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All About Bruschetta

History of a Fine Italian Antipasto Toast + Topping Ideas

POSTED August 25, 2015

It’s not just toast.

Bruschetta has been around for a long, long time. Where it started simply and humbly as toasted bread rubbed with olive oil and garlic, bruschetta has come to describe the colorful condiment we put on top.

The Bread

The word “bruschetta” comes from the Italian bruscare meaning “to roast over coals,” but we recommend the broil feature on your modern-day oven. Likewise, use a grill or a grill pan, which creates grill marks and ups the presentation a notch. Depending on how you serve it, use appetizer-sized baguette or crusty Italian bread. Brush slices with olive oil, then toast or grill it. Once toasted, rub warm slices with cloves of fresh garlic. We prefer a subtler approach, so you can better taste all the toppings. But go for it, garlic lovers.

Traditional Antipasto

Now it’s time to top it off.

The traditional Italian condiment consists of fresh chopped tomatoes (with seeds removed) and some fresh chopped basil. This is a great way to feature heirloom and garden tomatoes during your end-of-summer harvest. But why stop with tomatoes?

Not only is bruschetta a simple yet eye-catching appetizer, but it’s versatile too. You can create a topping for every season that features seasonal flavors like butternut squash, artichokes, avocado, peaches, etc. Looking for a way to amp up your antipasto pairings and cheeseboards? Bruschetta is an easy way to add a little something extra to your entertainment offerings.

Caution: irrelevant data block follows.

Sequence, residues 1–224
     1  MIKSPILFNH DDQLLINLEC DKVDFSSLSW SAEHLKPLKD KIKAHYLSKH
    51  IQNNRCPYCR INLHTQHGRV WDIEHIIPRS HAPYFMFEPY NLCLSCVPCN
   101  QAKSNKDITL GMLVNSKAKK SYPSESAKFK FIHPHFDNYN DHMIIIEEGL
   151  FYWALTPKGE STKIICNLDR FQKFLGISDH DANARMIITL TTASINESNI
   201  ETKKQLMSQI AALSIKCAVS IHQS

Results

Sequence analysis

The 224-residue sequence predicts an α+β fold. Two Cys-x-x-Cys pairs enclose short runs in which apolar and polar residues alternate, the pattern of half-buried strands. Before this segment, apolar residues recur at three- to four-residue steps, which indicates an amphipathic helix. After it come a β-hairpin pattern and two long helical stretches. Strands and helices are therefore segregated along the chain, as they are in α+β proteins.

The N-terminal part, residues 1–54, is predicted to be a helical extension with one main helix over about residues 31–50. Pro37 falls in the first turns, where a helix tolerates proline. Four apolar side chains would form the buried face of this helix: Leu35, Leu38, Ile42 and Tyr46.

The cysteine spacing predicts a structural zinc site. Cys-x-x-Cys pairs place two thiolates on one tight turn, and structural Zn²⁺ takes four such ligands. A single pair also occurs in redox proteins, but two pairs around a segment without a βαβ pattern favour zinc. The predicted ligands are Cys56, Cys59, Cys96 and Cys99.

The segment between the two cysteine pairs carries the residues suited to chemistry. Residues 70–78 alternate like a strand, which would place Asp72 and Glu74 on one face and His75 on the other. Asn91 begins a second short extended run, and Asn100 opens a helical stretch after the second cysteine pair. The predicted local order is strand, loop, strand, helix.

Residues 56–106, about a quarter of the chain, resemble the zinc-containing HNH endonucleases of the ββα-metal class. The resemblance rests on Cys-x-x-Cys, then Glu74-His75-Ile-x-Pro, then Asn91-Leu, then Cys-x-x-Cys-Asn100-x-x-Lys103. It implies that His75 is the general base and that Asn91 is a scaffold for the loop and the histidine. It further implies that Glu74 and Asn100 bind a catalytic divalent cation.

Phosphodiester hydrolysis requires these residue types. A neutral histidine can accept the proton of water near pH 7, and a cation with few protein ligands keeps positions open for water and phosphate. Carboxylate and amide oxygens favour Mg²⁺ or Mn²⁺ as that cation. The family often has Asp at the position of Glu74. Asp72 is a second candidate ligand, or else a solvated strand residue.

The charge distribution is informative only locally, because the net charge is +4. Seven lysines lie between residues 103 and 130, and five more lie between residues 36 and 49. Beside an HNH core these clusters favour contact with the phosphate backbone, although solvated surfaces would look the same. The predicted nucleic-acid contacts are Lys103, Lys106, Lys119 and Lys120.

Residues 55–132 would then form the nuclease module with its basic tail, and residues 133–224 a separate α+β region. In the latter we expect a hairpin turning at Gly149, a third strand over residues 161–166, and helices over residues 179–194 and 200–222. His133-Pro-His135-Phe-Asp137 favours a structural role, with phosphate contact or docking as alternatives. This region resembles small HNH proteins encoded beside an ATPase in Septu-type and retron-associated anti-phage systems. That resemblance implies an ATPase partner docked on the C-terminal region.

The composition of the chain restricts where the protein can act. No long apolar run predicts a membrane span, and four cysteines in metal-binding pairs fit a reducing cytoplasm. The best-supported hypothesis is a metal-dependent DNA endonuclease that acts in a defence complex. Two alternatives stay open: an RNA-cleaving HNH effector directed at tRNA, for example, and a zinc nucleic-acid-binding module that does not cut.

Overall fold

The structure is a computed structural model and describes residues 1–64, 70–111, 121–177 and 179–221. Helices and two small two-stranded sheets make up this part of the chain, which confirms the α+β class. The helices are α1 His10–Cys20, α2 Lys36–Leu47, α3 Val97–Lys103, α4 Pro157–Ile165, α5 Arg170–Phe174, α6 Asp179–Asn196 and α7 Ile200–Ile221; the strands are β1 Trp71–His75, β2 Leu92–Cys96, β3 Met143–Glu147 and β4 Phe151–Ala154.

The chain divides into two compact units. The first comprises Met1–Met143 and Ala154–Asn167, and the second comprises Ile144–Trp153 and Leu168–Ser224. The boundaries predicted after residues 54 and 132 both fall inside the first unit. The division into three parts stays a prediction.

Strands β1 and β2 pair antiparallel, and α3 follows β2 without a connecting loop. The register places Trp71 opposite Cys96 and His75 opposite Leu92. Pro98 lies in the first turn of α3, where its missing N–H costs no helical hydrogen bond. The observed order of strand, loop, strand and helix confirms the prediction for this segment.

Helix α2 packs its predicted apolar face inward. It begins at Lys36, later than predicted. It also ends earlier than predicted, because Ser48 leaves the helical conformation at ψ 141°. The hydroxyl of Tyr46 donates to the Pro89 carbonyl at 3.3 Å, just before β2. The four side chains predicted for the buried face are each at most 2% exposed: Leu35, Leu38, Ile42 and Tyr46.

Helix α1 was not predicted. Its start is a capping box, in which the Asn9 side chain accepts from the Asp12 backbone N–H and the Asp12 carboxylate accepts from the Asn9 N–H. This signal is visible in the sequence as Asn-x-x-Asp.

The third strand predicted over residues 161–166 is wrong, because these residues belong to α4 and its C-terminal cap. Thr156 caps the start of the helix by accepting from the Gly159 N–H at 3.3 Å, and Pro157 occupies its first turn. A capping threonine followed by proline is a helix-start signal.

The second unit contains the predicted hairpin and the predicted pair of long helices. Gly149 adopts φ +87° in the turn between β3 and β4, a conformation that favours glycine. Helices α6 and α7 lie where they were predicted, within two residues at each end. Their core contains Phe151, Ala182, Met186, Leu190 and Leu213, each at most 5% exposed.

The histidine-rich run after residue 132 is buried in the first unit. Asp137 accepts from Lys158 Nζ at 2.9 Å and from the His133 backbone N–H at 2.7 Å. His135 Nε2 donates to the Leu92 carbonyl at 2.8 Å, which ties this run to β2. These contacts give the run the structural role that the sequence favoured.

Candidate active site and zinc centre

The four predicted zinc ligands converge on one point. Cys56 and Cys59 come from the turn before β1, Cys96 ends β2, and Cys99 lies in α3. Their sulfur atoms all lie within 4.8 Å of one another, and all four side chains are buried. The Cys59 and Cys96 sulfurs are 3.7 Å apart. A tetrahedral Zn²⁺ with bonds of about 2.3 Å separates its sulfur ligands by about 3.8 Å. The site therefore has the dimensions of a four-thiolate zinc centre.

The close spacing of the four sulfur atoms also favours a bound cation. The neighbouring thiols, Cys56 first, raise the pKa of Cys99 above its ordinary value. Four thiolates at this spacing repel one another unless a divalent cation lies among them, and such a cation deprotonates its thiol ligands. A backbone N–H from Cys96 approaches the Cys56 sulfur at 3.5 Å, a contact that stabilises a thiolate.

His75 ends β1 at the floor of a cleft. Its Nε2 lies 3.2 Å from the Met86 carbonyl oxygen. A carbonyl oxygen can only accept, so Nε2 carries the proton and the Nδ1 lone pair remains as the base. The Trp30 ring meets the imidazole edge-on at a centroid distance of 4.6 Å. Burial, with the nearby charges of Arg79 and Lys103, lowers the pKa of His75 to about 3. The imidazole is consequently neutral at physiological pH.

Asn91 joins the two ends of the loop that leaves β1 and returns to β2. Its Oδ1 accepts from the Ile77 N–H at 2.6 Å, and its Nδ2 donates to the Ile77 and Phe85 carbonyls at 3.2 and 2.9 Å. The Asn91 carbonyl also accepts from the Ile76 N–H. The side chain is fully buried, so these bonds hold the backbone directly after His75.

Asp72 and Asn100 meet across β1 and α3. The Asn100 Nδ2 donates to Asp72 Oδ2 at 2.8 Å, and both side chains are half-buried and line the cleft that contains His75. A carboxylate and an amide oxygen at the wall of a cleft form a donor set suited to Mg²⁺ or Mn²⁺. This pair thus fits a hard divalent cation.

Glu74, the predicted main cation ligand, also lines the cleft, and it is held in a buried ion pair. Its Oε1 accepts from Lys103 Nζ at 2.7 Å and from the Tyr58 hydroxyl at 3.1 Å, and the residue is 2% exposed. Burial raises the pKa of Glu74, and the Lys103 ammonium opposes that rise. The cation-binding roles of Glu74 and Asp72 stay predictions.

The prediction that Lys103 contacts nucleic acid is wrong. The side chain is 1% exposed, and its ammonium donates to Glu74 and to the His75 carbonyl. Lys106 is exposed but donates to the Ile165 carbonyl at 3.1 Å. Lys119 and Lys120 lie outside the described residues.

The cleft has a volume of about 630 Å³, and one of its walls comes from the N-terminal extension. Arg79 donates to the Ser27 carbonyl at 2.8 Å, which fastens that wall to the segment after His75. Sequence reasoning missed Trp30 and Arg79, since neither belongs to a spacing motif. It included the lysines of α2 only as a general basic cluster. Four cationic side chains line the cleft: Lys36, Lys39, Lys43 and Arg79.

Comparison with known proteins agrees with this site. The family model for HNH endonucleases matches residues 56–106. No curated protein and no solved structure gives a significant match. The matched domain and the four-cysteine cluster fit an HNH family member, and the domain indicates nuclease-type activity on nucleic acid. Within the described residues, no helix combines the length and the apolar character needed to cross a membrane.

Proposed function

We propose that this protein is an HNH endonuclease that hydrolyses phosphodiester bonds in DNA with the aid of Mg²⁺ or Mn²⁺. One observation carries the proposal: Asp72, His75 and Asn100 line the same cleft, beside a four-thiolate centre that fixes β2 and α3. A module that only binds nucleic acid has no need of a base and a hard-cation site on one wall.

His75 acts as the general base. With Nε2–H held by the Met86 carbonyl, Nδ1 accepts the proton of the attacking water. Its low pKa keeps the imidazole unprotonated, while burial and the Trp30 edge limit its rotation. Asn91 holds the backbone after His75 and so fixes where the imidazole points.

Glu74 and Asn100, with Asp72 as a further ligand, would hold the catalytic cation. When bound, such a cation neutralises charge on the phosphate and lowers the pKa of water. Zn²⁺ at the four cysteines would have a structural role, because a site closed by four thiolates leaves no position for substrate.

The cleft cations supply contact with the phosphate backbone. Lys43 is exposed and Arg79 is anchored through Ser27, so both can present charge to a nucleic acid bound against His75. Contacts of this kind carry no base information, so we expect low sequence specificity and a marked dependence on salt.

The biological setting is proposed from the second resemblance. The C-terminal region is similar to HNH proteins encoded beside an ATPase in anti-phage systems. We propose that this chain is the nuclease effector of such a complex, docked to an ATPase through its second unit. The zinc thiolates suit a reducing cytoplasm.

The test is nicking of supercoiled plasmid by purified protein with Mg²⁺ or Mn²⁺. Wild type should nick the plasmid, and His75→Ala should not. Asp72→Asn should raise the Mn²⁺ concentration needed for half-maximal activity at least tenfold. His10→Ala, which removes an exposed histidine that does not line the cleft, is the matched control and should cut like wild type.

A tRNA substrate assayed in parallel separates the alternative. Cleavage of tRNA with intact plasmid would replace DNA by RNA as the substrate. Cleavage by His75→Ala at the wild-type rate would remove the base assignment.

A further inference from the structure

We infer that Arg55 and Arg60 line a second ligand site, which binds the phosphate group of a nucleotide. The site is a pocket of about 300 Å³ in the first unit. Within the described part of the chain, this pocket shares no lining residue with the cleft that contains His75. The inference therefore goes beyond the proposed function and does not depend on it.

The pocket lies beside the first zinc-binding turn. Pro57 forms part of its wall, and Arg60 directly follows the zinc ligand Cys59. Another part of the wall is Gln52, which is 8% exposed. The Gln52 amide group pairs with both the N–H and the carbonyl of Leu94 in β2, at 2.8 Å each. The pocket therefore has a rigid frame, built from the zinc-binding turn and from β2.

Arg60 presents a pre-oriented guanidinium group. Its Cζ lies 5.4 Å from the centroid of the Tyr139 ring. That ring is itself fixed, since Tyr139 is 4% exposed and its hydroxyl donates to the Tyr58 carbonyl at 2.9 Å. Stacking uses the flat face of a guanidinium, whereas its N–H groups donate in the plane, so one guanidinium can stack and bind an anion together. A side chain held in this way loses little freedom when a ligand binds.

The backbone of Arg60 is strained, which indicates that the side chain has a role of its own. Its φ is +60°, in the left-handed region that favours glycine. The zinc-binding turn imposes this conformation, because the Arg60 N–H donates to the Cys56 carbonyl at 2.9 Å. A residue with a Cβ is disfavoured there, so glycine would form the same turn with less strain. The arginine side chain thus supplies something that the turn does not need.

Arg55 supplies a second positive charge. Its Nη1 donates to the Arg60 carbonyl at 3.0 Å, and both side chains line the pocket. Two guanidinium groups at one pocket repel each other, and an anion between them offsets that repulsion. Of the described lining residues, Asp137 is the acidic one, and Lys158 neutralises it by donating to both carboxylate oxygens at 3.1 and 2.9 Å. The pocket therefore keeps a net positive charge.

If you don’t feel like making you’re own, we’ve got some pretty amazing bruschetta we’d like to brag about.

Flavorful Gourmet Ingredients

More than that easy app, bruschetta has a way of brightening up recipes—often with just a spoonful. Some of our favorite ways to use bruschetta in the kitchen:

  • Savory spread for sandwiches, wraps and paninis.
  • Bold topping for pizzas, flatbreads and focaccias.
  • Flavorful accent to hot or cold pasta dishes.
  • Unique ingredient in dips paired with creamy cheeses or mayo.
  • Tasty addition to salad dressings and vinaigrettes.
  • Marinade for grilled or roasted meats and seafood.
  • A way to amp up omelets and frittatas.
  • Colorful finish for meats, poultry and seafood.